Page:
Editor’s Note: This post is by Simple Marriage contributor Mary Ann Crossno.
In the previous post we discussed The Art of Marital Conversation. After reading you and your spouse may have decided to have a face to face talk about one (or more) of the enduring problem areas in your relationship. In spite of your best efforts, things took a turn for the worse.
Part of the answer might be found in the childhood expression, “Monkey see, monkey do.” It turns out that our brains are hard wired to mirror what we see.
You’ve read this before and it’s worth repeating, in marriage (or any
relationship) you cannot NOT communicate.
Some experts attribute up to 55% of communication as nonverbal body language and descriptions of that includes:
- Facial expressions
- Expression in your eyes
- Smile, frown
- How you listen
- Your breathing
- The way you move
So when you see the body language that naturally occurs in intense conversations – eye-rolling, sighing, squirming, shaking your head, looking down, looking away, glaring – your brain will naturally want to mirror what it sees. That’s part of the biology that escalates communication from conversation to anger.
Face to face conversation can be threatening, intimidating, or shut down communication – depending on the intensity.
It is hard to know your own thoughts if your partner grimaces when you look at her face while you are talking. There is a “lovelock” – a force field of verbal and nonverbal signals that say agree, be nice or get out. Depending on your need for togetherness or separateness at the moment, you get sucked up into the “agree or be nice” signal or you push back with an “I’m out of here” signal.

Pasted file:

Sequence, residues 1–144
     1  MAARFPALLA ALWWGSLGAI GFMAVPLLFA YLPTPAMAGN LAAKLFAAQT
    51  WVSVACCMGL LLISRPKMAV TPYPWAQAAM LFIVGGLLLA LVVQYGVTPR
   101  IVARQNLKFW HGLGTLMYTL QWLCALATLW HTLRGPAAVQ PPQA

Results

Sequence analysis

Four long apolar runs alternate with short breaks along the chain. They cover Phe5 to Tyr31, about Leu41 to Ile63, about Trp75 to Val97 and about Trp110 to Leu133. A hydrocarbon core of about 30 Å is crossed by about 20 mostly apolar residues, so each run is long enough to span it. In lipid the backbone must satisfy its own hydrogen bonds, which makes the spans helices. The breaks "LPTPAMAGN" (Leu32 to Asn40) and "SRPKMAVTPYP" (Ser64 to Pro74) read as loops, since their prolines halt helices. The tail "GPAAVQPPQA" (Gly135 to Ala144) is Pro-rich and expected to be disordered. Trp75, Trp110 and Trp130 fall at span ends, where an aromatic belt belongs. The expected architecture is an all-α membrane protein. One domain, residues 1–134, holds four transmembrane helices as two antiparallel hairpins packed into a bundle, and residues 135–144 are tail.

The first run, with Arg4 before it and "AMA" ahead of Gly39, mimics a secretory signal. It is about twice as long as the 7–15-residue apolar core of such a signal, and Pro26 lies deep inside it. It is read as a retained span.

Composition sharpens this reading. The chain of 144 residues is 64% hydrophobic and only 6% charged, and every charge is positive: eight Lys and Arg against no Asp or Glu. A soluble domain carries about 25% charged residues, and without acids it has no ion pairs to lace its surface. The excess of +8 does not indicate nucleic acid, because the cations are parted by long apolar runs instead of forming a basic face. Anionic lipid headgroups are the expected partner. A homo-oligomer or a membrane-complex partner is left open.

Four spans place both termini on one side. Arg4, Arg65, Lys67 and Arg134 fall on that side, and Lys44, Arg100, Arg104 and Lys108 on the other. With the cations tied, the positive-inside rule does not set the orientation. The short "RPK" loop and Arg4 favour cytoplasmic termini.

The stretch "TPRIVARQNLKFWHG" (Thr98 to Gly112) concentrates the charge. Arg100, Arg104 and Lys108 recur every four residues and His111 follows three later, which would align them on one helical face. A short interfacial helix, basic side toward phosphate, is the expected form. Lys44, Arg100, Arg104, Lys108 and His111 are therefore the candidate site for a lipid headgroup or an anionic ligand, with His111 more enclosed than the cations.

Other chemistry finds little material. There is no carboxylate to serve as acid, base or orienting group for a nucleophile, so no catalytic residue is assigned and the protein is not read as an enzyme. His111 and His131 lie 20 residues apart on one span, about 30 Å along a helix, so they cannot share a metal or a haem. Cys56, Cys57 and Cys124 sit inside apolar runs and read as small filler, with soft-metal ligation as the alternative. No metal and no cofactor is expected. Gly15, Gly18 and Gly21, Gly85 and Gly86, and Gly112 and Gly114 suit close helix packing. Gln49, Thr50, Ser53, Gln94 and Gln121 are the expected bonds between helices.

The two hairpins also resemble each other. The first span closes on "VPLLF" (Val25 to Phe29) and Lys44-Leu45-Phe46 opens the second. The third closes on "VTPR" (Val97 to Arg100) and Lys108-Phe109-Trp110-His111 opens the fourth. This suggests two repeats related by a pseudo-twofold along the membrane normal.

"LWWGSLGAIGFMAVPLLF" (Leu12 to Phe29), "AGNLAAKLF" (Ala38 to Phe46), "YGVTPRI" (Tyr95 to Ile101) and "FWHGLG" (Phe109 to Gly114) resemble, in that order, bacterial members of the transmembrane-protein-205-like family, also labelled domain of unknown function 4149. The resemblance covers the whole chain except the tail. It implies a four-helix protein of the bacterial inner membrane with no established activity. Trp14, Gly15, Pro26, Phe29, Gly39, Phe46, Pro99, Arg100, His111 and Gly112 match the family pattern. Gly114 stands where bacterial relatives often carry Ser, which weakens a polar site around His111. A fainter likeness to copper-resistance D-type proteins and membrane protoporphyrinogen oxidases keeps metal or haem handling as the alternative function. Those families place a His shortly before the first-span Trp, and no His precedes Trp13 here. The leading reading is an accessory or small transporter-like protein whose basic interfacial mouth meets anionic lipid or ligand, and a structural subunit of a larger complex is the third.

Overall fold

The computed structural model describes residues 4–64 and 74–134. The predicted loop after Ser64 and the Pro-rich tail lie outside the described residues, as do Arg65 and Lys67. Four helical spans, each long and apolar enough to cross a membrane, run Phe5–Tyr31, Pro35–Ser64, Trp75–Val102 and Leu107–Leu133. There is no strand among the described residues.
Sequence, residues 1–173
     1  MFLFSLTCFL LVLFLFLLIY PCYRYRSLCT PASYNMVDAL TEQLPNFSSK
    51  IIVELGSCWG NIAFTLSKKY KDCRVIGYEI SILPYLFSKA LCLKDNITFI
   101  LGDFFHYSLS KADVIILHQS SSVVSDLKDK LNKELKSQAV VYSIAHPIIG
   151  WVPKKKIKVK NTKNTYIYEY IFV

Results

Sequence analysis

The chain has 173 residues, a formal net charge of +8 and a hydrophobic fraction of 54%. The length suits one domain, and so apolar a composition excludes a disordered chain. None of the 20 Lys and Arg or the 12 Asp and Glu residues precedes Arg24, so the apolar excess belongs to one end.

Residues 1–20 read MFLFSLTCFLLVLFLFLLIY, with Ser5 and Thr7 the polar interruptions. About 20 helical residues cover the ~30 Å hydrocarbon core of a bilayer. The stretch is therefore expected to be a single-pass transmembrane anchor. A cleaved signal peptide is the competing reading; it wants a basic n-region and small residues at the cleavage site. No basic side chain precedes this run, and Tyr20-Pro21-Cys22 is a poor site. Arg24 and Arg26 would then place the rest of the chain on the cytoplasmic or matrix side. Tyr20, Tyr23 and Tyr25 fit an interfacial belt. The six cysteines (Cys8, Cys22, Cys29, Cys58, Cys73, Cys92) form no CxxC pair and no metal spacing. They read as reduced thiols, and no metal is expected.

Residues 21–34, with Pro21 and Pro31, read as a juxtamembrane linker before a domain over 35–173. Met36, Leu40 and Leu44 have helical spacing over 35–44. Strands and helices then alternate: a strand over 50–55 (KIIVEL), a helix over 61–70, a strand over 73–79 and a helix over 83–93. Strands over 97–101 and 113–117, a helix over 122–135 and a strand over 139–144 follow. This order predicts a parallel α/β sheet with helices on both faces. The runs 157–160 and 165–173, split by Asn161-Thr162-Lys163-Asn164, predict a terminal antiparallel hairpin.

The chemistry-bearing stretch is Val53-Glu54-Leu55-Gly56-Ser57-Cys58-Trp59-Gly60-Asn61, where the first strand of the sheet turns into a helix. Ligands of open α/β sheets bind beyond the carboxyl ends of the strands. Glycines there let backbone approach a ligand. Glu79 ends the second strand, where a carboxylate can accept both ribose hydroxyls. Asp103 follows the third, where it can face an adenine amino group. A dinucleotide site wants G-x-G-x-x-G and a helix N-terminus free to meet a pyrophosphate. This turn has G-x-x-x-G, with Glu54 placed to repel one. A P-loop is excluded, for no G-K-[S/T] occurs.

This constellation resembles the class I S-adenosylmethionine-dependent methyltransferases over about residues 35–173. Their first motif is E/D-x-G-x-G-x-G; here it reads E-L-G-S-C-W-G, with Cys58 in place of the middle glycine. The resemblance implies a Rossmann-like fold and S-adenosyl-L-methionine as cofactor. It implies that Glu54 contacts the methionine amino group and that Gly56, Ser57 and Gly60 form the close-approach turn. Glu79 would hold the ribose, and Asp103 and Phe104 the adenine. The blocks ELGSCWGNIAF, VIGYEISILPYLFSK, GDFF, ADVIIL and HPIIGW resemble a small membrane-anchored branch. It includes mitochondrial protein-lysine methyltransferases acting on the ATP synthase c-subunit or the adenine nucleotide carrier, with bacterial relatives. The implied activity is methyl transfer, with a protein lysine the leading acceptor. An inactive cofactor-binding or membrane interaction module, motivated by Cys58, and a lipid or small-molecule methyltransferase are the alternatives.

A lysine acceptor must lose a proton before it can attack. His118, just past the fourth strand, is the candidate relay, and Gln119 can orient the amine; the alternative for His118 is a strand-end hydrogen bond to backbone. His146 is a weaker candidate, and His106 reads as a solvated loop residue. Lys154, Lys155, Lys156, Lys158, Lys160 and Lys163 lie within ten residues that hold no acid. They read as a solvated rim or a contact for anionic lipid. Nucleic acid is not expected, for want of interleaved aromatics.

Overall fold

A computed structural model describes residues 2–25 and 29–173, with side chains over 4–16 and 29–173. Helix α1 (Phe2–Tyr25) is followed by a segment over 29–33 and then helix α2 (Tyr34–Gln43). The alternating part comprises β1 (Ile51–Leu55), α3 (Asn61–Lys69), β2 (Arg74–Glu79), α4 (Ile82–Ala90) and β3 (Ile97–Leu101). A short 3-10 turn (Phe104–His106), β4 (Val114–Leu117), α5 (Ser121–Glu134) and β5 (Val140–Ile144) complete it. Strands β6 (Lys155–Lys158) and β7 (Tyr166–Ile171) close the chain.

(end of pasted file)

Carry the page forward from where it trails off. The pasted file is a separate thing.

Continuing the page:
Most of the time, we are unaware that we are sending out the lovelock signals.
One of the many techniques that we can use to learn to stay connected without getting sucked into the lovelock is to walk and talk.
A walk is a side-by-side activity that allows us to defuse the intense over focus on or hypersensitivity to body language. A walk interferes with the lovelock and our natural bent to mirror what we think we are getting, for good or bad. We can’t see face to face because we’re looking ahead where we’re walking.
A walk dissipates the anxious energy that is part and parcel of talking about things that matter with people that matter.
At the same time that anxious energy is being released, endorphins and serotonin – nature’s feel-good chemicals – are being released in the brain, further enhancing your ability to tolerate anxiety.
The act of walking together while expressing differing and/or conflicting thoughts, ideas, and positions is a physical representation of differentiation – emotional maturity.
I can hold onto my on ideas about something that is important to me while choosing to walk by your side, to care for you, to head in the same direction (together through life), with the same outcome (headed for home at the end of the walk).
Face-to-face comes with pressure for one or the other to cave in to a “we-ness” mindset. Face to face can become more of an endpoint – where we wind up when there are two whole people in a relationship. You can gauge how well you are doing in the relationship by how comfortable you are with a face to face conversation involving an intense subject.
If you can’t take a walk together due to a broken leg, small kids (use a stroller) or bad weather (there’s no such thing as bad weather, only bad gear) – shift the conversation to one that is side by side. Sit by each other on the couch, but give each other permission to not have to look at each other, just stay engaged in the discussion. You can free some of the intensity and focus more on your part of the discussion as well as hearing their thoughts.
Try it this week. Walk and talk together for a minimum of 30 minutes a day and see what kind of difference it makes.
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